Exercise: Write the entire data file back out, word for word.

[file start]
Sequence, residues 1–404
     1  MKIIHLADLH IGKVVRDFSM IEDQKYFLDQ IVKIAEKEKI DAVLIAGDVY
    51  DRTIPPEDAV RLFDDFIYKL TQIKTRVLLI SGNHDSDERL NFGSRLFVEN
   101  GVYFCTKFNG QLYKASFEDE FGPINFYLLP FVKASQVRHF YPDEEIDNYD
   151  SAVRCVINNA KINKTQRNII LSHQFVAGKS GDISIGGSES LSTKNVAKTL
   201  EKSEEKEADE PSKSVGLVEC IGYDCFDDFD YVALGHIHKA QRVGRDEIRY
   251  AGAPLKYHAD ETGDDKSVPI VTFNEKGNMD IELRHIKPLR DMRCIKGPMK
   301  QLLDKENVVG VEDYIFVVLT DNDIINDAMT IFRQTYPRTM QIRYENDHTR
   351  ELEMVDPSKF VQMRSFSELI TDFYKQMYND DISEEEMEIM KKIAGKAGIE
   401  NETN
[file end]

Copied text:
Sequence, residues 1–404
     1  MKIIHLADLH IGKVVRDFSM IEDQKYFLDQ IVKIAEKEKI DAVLIAGDVY
    51  DRTIPPEDAV RLFDDFIYKL TQIKTRVLLI SGNHDSDERL NFGSRLFVEN
   101  GVYFCTKFNG QLYKASFEDE FGPINFYLLP FVKASQVRHF YPDEEIDNYD
   151  SAVRCVINNA KINKTQRNII LSHQFVAGKS GDISIGGSES LSTKNVAKTL
   201  EKSEEKEADE PSKSVGLVEC IGYDCFDDFD YVALGHIHKA QRVGRDEIRY
   251  AGAPLKYHAD ETGDDKSVPI VTFNEKGNMD IELRHIKPLR DMRCIKGPMK
   301  QLLDKENVVG VEDYIFVVLT DNDIINDAMT IFRQTYPRTM QIRYENDHTR
   351  ELEMVDPSKF VQMRSFSELI TDFYKQMYND DISEEEMEIM KKIAGKAGIE
   401  NETN